Lovers and haters of the merger of Agrium Inc. and Potash Corp. of Saskatchewan Inc. have to agree on a couple of things – it's a sign of the times and the reasons cross industry lines.
The fertilizer business, so integral to life in a world that has to eat, has become one that demands economies of scale and rock-bottom costs owing to weak prices for its commodities and expectations of more of the same.
Since the deal was made formal on Monday, some analysts have questioned the half-billion-dollar cost savings that Agrium and Potash executives are promising, and investors are lamenting the lack of a premium for their shares in the merger-of-equals setup.
The companies tout the creation of a $36-billion Canadian champion, with the globe's largest collection of fertilizer assets. But in a chronically glutted market, it must be a Canadian survivor first.
A glance around downtown Calgary, 12 kilometres north of Agrium's headquarters, shows similar market conditions in a different, though related, industry – the oil patch. Don't bet against companies running the numbers on similar large mergers.
The sector, itself key to a modern life of transportation, power and heat, is entering the third year of a commodity-price slump that has eliminated many of the smaller companies that previously assumed endless high prices would make debt-funded growth manageable.
The largest Canadian oil companies have come through the worst of the price crash with relatively healthy balance sheets, but with far fewer employees and assets, lower stock prices, smaller and mostly symbolic dividends and expansion plans that are modest at best.
Meanwhile, the cost of entry into the business – whether oil sands development or hydraulic fracturing – has surged out of reach for small players that in previous years could have started up on little more than ambition. It's a big kid's game.
Just a few months ago, numerous forecasters expected supply and demand in the world's oil markets to start balancing out late this year. That outlook became far less certain this summer as U.S. crude hovered just above $40 (U.S.) a barrel. On Tuesday, the International Energy Agency dashed any remaining hope of imminent recovery.
The Paris-based IEA said global oil demand is lagging previous expectations, and production and inventories are exceeding them. These factors will combine to extend the glut until at least the middle of next year.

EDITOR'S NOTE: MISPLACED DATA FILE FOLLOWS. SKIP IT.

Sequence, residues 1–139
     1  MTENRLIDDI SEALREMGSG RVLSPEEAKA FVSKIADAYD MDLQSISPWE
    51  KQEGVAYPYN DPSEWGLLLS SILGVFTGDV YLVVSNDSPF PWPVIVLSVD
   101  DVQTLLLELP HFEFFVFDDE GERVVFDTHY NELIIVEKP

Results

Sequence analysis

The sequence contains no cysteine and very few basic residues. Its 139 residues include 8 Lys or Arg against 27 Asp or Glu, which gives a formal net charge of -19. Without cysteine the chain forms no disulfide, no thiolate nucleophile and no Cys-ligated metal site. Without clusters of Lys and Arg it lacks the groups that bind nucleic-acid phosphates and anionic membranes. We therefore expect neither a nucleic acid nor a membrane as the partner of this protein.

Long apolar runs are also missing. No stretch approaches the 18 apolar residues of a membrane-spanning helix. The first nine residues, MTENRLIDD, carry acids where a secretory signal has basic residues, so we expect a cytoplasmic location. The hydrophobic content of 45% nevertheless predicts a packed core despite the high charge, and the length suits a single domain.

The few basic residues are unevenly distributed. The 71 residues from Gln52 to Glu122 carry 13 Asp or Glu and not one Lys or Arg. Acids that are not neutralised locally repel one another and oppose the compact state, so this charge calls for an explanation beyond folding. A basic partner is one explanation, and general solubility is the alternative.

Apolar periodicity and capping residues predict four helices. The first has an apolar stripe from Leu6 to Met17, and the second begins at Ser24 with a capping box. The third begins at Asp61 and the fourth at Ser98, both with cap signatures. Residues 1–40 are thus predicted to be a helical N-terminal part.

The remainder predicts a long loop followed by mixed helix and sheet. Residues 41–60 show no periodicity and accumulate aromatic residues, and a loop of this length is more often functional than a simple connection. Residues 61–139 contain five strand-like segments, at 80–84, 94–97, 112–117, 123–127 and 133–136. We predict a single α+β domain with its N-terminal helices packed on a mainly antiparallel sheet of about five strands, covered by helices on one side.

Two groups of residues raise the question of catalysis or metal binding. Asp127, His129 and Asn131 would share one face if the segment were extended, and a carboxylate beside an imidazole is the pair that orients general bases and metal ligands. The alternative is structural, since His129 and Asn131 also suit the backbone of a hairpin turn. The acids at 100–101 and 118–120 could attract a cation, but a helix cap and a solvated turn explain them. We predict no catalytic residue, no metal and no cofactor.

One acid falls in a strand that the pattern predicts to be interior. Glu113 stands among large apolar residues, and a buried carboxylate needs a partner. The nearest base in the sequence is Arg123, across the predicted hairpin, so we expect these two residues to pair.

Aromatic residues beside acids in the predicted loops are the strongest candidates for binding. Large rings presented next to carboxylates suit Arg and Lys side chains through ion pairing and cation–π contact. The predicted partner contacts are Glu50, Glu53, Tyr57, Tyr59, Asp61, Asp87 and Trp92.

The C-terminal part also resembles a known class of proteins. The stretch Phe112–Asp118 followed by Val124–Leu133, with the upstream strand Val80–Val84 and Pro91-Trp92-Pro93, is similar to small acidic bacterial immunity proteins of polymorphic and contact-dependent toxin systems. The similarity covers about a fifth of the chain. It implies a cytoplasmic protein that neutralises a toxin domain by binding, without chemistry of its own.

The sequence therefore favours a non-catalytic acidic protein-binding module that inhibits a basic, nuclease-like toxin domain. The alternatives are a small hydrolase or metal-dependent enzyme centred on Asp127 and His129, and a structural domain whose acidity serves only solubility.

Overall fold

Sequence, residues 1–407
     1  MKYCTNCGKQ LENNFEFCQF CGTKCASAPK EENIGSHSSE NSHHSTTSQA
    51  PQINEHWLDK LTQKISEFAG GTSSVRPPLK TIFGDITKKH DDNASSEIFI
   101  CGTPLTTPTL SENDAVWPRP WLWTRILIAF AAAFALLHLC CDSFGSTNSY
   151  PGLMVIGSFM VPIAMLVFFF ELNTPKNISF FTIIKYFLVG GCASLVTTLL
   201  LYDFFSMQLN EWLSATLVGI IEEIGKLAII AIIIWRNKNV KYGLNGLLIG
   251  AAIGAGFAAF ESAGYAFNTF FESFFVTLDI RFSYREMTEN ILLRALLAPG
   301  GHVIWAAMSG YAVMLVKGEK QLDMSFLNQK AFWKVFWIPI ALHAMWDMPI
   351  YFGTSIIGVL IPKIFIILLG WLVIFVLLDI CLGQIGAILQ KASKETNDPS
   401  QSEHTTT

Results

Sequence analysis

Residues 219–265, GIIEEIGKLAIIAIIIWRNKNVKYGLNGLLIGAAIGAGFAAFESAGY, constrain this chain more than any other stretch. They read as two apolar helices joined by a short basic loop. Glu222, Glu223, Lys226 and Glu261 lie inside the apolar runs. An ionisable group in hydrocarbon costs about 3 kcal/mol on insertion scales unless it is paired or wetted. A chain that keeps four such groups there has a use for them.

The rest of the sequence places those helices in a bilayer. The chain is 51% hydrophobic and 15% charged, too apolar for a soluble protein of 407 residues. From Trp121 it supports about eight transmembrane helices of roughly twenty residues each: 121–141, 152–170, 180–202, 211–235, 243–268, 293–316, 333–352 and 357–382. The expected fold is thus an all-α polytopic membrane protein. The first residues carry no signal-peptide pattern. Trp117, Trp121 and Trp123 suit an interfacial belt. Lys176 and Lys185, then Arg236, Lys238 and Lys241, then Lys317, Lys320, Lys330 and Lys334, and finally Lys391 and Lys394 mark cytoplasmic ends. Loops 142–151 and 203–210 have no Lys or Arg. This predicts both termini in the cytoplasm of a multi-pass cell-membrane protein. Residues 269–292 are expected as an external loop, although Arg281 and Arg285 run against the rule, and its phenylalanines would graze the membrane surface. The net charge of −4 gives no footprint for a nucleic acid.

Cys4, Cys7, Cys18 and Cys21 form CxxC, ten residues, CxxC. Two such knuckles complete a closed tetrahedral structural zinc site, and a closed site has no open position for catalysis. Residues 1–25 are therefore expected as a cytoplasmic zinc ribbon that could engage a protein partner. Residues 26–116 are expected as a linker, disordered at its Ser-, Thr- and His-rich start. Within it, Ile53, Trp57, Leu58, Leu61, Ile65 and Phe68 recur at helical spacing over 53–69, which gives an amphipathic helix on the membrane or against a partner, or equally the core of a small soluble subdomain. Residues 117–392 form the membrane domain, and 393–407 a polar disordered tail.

The grim report pulled the price of crude down sharply, and sent the shares of many Canadian oil companies well into negative territory. Clearly, investors are weary of the downturn's extended engagement.
Like the fertilizer industry, the energy sector is becoming a slow-growth sector that demands deep pockets and diversified revenue – the kind of business that favours big mergers that can lead to cost cutting during lean years.
It's not a new concept. Previous tough times have produced big energy tie-ups that were also trumpeted as births of Canadian champions, such as that of PanCanadian Energy and Alberta Energy Co., which created Encana Corp. in 2002, and Suncor Energy Inc.'s $18-billion (Canadian) takeover of Petro-Canada seven years later.
Among oil majors, Chevron Corp. bought Texaco, BP acquired Amoco, Exxon absorbed Mobil and Conoco snapped up Phillips in multibillion-dollar deals during the downturn of the 1990s and early 2000s.
Over the past year, Suncor has played consolidator again, bulking up on Syncrude Canada interests by acquiring Canadian Oil Sands Ltd. for $4.2-billion, then snapping up Murphy Oil Corp.'s 5-per-cent stake for $937-million.
Enbridge Inc.'s friendly, $37-billion deal with U.S.-based Spectra Energy Corp., announced last week, represents a bid to create a Canadian energy transport champion that is diverse along geographic and business lines.
Oil and gas producers remain at the mercy of commodities, whose recovery keeps pushing out toward the horizon, and that will prompt boards to consider the deal route after in-house cost cutting and asset sales.
Not everyone will be in favour of such deals, but one thing's for sure – the industry's pretty much exhausted all its other options for appeasing investors.